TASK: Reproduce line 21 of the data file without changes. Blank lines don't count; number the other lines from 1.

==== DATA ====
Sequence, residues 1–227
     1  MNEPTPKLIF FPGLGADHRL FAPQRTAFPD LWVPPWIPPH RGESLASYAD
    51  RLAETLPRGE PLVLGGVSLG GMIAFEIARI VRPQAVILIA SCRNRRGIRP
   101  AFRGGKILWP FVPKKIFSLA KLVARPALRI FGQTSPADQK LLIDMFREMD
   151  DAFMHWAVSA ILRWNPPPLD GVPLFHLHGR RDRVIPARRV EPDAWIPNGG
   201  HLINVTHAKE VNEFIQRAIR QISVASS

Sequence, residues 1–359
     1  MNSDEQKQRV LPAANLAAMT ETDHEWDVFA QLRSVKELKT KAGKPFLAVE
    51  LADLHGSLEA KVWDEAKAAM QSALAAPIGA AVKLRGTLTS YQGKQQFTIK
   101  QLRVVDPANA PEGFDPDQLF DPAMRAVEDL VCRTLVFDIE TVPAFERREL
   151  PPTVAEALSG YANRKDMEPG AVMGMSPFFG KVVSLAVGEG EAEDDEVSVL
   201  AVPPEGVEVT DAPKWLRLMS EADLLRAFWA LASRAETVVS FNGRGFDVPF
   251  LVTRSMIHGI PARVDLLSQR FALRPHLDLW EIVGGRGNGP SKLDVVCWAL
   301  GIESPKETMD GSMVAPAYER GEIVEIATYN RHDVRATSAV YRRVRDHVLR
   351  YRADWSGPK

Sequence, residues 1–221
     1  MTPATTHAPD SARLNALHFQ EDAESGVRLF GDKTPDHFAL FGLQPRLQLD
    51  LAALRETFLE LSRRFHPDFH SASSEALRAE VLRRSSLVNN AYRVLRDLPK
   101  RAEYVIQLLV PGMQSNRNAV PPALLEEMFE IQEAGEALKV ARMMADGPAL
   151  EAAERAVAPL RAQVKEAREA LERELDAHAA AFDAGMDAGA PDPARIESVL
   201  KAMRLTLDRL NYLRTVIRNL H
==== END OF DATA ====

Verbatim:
   201  KAMRLTLDRL NYLRTVIRNL H